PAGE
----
A Lasting Testament | The Salvation Army

A Lasting Testament

Hearing from her father about how The Salvation Army helped soldiers in the First World War sparked a lifelong connection for Heather Forrs, which has led her to leave a gift in her will.

At age 19, Heather’s father enlisted to fight for king and country in the First World War. Because of his ability with horses, he joined the cavalry’s first battalion. But the cavalry ran into problems in Gibraltar, and he was moved on to France where he became a signaller, getting messages from the frontline to pass to head office.

During this period, he found himself stuck in a shell hole for several days with no food or water. Eventually he was able to make his way back to his position. Once there, he was demoted for having abandoned his post. However, after someone realised the truth of the matter, he was awarded a Victorian military medal.

Back in Australia, he married and became a father, always making things for his two daughters. He didn’t talk about the war much, but Heather very clearly remembers these words of his:

‘If you ever have anything to give, give it to the Salvos. They were always just behind the lines with a hot cup of tea, a piece of fruitcake and a dry pair of socks.’

Even though the socks didn’t stay dry for long, he never forgot the support the soldiers received from The Salvation Army. Her father’s memory and gratitude formed Heather’s desire to get involved and to support The Salvation Army.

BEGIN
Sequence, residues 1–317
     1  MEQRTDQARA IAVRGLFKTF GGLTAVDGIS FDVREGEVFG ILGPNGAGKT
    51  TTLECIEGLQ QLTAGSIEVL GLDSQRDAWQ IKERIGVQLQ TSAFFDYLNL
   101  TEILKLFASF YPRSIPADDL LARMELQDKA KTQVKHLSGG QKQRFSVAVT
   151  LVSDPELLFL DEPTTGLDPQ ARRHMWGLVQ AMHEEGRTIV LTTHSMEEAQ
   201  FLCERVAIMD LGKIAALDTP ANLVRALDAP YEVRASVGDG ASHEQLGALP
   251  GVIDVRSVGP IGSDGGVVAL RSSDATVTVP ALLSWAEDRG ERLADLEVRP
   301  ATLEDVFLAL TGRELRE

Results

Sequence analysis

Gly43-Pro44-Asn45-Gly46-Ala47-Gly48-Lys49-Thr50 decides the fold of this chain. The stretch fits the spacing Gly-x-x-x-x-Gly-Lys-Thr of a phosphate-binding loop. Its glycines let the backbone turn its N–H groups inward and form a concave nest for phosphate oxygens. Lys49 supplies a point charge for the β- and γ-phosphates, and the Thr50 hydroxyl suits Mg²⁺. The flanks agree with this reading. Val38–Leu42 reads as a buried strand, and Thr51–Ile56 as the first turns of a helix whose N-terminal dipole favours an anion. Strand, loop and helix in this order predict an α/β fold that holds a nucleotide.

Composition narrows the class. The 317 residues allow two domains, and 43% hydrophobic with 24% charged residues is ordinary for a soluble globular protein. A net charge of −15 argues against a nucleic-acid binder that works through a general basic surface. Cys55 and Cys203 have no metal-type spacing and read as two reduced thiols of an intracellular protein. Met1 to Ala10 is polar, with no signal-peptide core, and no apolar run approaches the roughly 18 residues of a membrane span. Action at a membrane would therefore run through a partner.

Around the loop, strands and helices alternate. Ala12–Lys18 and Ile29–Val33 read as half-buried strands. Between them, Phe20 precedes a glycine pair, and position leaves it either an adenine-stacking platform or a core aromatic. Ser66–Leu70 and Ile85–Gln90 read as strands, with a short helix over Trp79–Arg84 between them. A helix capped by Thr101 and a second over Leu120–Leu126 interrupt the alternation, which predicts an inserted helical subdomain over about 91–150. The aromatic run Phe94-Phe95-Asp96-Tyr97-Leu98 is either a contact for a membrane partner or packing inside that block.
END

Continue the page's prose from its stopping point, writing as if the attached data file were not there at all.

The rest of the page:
Heather’s volunteering began with one of our early programmes which helped young mothers. Her empathy was with young girls who became pregnant while in high school. That interest in young mothers and their babies is still very strong for Heather today. The original project has now been replaced with the SPACE programme, a parent and child education programme for first-time caregivers and their babies.

Heather is also a member of the Salvation Army Church in Dunedin, which she describes as ‘marvellously friendly, welcoming and uplifting’.

 ‘I’ve found my happy place at the age of 93,’ Heather says. ‘I have cancer, and who knows how long I’ll last, but I have The Salvation Army listed in my will.’

By leaving a bequest to The Salvation Army, Heather’s desire to make positive differences in people’s lives will go on beyond her own lifetime.

A bequest is a visionary gift to the future which upholds the values and ideals of the bequestor and is a living memorial to his or her life. For more information call 0800 530 000, or visit salvationarmy.org.nz/wills